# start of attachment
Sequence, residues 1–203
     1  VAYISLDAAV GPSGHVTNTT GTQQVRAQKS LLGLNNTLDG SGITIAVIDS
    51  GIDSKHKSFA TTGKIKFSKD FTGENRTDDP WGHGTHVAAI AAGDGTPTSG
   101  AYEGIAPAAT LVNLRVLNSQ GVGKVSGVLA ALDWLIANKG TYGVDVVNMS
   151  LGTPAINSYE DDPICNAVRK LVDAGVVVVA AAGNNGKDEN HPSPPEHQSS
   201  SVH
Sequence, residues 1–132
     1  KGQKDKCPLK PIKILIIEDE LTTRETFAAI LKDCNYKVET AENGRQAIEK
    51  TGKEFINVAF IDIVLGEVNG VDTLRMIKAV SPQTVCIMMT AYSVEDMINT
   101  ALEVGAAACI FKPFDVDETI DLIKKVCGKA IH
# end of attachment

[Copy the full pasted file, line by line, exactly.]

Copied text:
Sequence, residues 1–203
     1  VAYISLDAAV GPSGHVTNTT GTQQVRAQKS LLGLNNTLDG SGITIAVIDS
    51  GIDSKHKSFA TTGKIKFSKD FTGENRTDDP WGHGTHVAAI AAGDGTPTSG
   101  AYEGIAPAAT LVNLRVLNSQ GVGKVSGVLA ALDWLIANKG TYGVDVVNMS
   151  LGTPAINSYE DDPICNAVRK LVDAGVVVVA AAGNNGKDEN HPSPPEHQSS
   201  SVH
Sequence, residues 1–132
     1  KGQKDKCPLK PIKILIIEDE LTTRETFAAI LKDCNYKVET AENGRQAIEK
    51  TGKEFINVAF IDIVLGEVNG VDTLRMIKAV SPQTVCIMMT AYSVEDMINT
   101  ALEVGAAACI FKPFDVDETI DLIKKVCGKA IH